Tuesdays, 2:15–3:40, Mar. 27–May 15
Fairfax Lord of Life
Instructor: Stephen Quick
Our present world abounds with economic problems: growth has slowed, despite high debt levels and unprecedented stimulus from monetary policy; inequality is rising at a rapid clip; private investment is weak by historical standards; productivity is static; artificial intelligence threatens jobs; and new business formations are down while industrial concentration is up. Financial crises are happening with increasing frequency, and the institutions created to govern the world economy seem increasingly powerless to affect the course of events. These phenomena are confusing to everybody, including professional economists. They do not fit comfortably into prevailing ways of thinking, and this confusion spills over into the political debate regarding the appropriate course for economic policy. This class will explore eight critical economic issues: growth; income and wealth inequality; monopolies and intellectual property; investment; debt; finance; robots and artificial intelligence; and pensions and retirement security. Each session will be devoted to one of these topics, and will consist of an overview of the subject, a summary of the academic and policy debate on the subject, and a discussion about what to do about these areas of concern. A list of relevant readings will be circulated one week in advance of each session.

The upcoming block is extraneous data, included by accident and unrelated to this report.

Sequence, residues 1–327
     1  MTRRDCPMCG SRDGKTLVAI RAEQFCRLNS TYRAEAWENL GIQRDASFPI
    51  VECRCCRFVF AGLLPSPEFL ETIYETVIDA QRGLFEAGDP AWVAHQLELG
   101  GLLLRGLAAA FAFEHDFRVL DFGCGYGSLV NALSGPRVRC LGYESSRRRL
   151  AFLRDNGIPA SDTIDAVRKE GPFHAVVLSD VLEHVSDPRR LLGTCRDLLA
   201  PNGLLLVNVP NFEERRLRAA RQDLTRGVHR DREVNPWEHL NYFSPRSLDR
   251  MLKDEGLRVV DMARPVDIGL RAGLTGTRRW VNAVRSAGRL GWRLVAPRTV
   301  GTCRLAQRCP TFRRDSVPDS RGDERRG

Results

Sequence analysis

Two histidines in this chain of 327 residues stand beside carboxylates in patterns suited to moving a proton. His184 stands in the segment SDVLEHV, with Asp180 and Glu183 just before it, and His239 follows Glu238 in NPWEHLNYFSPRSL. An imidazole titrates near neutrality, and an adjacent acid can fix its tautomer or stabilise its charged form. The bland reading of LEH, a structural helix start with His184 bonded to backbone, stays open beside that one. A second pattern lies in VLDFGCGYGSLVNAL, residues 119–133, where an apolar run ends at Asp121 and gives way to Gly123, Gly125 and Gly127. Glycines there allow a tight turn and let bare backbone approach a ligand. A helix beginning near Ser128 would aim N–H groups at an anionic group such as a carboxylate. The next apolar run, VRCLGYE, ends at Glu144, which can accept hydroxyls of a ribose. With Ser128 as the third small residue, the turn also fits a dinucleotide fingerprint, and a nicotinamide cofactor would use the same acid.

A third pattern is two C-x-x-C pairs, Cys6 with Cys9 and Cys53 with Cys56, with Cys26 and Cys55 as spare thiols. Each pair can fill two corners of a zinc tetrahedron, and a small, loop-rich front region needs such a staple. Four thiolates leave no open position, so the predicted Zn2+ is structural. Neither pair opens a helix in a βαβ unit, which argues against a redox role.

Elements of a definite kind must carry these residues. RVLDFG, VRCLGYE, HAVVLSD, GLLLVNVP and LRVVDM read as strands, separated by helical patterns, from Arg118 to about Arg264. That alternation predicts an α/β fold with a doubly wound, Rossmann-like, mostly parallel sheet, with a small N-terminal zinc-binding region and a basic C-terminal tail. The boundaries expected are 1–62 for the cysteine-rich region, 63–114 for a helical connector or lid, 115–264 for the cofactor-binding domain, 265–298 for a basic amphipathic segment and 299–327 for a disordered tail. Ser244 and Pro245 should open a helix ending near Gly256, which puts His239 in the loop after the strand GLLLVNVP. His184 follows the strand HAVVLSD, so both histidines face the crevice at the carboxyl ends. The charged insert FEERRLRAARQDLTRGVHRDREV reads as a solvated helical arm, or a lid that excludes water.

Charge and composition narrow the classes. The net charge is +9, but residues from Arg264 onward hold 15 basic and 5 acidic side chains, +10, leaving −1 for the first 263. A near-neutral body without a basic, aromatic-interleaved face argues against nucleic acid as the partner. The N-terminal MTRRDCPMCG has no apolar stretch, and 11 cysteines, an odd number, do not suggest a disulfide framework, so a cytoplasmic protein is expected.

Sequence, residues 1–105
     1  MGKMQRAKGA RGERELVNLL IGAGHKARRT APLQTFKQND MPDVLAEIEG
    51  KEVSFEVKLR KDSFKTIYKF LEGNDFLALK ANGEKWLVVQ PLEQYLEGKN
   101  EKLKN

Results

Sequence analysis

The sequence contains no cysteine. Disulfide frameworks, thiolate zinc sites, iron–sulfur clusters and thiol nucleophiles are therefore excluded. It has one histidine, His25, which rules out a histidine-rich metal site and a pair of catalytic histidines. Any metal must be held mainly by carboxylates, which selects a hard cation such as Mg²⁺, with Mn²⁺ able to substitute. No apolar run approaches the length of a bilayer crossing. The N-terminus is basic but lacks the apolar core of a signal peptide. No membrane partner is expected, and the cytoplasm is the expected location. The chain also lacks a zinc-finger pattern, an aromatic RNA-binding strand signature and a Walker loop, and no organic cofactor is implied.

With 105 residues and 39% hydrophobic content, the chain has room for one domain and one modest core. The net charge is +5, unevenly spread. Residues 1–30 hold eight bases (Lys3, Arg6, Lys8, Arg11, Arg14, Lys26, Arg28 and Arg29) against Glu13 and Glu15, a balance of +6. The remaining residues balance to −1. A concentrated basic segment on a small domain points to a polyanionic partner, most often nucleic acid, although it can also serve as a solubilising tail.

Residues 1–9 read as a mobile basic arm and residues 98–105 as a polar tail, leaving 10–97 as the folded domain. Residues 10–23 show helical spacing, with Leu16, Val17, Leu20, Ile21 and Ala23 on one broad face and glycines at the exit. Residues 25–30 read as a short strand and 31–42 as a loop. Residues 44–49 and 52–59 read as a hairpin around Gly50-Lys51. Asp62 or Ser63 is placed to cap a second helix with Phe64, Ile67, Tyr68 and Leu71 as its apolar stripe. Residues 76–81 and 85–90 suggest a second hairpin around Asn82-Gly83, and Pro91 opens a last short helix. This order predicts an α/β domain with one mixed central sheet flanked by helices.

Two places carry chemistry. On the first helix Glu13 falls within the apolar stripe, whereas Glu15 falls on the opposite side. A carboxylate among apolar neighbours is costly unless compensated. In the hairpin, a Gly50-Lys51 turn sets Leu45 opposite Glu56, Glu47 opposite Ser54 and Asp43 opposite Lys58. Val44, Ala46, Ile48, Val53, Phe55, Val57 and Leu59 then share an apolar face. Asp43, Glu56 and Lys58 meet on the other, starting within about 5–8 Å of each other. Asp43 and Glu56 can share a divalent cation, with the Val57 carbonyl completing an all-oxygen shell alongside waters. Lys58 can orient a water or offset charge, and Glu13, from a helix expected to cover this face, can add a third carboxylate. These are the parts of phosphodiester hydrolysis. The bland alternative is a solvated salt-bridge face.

Stephen Quick, an OLLI member, holds a PhD in political economy from Stanford University and has been staff director of the Congressional Joint Economic Committee, chief economist for the Senate Democratic Policy Committee, director of evaluation and oversight of the
Inter-American Development Bank, and chief risk officer for the Federal Deposit Insurance Corporation.